Great News! Ozone layer will repair itself by 2075
Ozone Depletion has been one of the major environmental concerns for scientists, environmental experts and governments all around the world. Survival on earth is possible because of the presence of this protective shield our earth has, as the ozone layer protects us from the harmful Ultraviolet rays coming from the sun. But the great news is that it will repair itself by 2075, and our earth will again by fully protected from the harmful UV rays.
1 A great environmental news!
The United Nations Scientists gave world the great news that the giant hole in the ozone layer has been shrinking and by 2075, the ozone layer will be completely repaired. The scientists credit this improvement to the phasing out of the chemicals used in air conditioners, refrigerators and aerosol cans used in the 1980s. Scientists revealed that the hole in the ozone layer was significantly smaller in 2009 than it was in 2008. Mario Molina, who has been awarded with a Nobel Prize for his works into the study if ozone layer said that this achievement is actually a victory for the diplomacy and science and also for the fact the world could work together in such a manner.
2 Causes and repercussions of ozone depletion
The reasons for ozone depletion were the presence of Halons, CFCs (Cholorofluoro carbons), and Freons. The major culprit were CFCs, which were found in aerosol cans and released from several electronic devices. All these damaged the ozone layer, which was very dangerous, as the Ultraviolet rays of the sun reached earth, having adverse effects on the life on earth. Over exposure to UV rays can lead to skin cancer and various life-treating diseases. Marine life also gets disturbed and various plant species also get damaged. The rays are also harmful for the eyes.
3 A brief historical background to the current achievement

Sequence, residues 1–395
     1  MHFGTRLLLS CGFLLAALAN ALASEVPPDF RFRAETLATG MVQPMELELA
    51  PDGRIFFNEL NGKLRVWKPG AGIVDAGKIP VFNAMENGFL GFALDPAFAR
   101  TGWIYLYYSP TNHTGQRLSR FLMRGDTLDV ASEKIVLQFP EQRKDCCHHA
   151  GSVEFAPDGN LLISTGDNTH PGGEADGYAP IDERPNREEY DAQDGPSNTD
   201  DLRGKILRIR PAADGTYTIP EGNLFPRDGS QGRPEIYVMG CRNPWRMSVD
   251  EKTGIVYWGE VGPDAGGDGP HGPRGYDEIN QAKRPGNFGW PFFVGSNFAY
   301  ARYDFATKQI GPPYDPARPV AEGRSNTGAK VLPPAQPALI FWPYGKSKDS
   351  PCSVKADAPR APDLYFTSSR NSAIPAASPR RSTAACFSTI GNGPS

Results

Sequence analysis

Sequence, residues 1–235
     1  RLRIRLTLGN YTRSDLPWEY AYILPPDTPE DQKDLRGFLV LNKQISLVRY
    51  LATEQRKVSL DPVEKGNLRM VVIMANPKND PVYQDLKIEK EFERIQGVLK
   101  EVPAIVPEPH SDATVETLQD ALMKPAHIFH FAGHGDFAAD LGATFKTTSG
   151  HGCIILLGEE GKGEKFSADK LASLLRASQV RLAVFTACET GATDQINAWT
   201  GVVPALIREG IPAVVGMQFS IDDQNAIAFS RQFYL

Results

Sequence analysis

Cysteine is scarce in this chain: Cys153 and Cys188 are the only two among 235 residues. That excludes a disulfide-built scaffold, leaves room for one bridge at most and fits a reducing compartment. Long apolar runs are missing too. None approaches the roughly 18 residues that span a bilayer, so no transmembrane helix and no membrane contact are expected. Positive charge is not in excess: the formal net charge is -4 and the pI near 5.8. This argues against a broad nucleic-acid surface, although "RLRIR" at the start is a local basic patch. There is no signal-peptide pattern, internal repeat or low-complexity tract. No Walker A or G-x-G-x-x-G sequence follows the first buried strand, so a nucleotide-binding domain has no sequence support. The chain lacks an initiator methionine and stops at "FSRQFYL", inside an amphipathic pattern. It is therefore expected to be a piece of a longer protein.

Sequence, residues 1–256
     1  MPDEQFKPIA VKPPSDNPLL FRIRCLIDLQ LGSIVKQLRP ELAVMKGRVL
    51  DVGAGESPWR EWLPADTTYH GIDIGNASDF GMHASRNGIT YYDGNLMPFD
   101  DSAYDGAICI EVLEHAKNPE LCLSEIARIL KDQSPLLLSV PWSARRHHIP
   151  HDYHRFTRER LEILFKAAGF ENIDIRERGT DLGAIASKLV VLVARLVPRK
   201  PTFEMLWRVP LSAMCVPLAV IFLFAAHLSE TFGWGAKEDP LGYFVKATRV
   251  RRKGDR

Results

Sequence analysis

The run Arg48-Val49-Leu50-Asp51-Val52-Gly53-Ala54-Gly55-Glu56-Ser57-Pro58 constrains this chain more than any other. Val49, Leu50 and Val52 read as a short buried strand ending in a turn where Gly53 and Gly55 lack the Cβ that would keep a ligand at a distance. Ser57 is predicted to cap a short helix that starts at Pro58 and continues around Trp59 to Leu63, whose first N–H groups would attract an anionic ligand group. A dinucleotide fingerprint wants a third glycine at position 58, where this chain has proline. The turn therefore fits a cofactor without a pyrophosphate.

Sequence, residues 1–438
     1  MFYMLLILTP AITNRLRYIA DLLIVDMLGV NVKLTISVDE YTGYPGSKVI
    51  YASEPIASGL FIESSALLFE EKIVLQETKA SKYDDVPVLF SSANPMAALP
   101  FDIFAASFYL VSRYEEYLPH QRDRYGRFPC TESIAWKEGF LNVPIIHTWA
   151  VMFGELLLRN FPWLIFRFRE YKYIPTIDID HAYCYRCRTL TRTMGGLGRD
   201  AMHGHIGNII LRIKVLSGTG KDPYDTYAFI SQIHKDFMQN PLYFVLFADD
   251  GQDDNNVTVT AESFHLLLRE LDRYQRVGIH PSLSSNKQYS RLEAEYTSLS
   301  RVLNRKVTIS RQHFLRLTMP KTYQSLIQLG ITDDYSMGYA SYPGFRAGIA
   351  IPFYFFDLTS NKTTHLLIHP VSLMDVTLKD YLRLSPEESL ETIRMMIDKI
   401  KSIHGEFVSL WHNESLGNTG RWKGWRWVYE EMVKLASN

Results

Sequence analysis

During the 1970s, researchers first revealed that CFCs (Cholorofluoro carbons) are responsible for depletion of the ozone layer. According to them, the CFCs had worn the ozone layer thin above Antarctica. It was believed that if some major steps were not taken , then ozone destruction could destabilize the aquatic food chain, cause higher rates of skin cancer and might even disrupt plant growth. In order to protect the earth’s ozone layer, the world’s policymakers agreed to sign the Montreal Protocol in 1987, which lead to the phasing out of CFCs.
4 How did Montreal Protocol bring about this achievement?
The Montreal Protocol, signed in 1987, was an international treaty, which was designed to protect the ozone layer from getting depleted by phasing out the production of substances which were responsible for ozone depletion. This was a much needed step, which was initially resisted by the industries, but nevertheless, governments did make a history by signing the Montreal Protocol. After the chemical companies found safer alternatives to CFCs, they agreed to phase it out and the result is now visible, 30 years after the signing of the treaty.
5 Efforts by the United Nations
A team of about 300 scientists has been working on this subject for many years and they submit reports every four years to the United Nations.
According to the latest U.N report, the ozone layer will return to a healthy condition in the mid-laltitudes till 2050. However, around the Antarctic it will recover by 2075. The hole near Antarctica was biggest in 2006, measuring at about 30 million square kilometres and it now stands at 20 millions square kilometres. The hole is still big enough to pass the moon through it, joked Reuters. Nonetheless, the fact, that the size is decreasing gives reasons to the world leaders to take similar steps as were taken after the Montreal Protocol
6 Some other climatic concerns
The report definitely gives reasons to rejoice, but some bad news also crept in. One of the chemicals, carbon tetrachloride, which was not supposed to be found, was actually found to be present in the atmosphere in large amounts. This actually means that it has been in use illegally. Another concern is that the chemicals which replaced the CFCs, are contributing to global warming, said scientist Susan Solomon of the Massachusetts Institute of Technology. Paradoxically, the greenhouse gases which are contributing to global warming are actually helping in rebuilding the ozone layer. But, hopes should not be lost because if the diplomacy can be successful in repairing the ozone layer , the collective efforts of the people and governments can result in other achievments also. The executive director of the U.N. Environment Program, Achim Steiner said that the success of the Montreal Protocol should encourage action by leaders not only on the protection of the ozone layer but also on various climatic issues.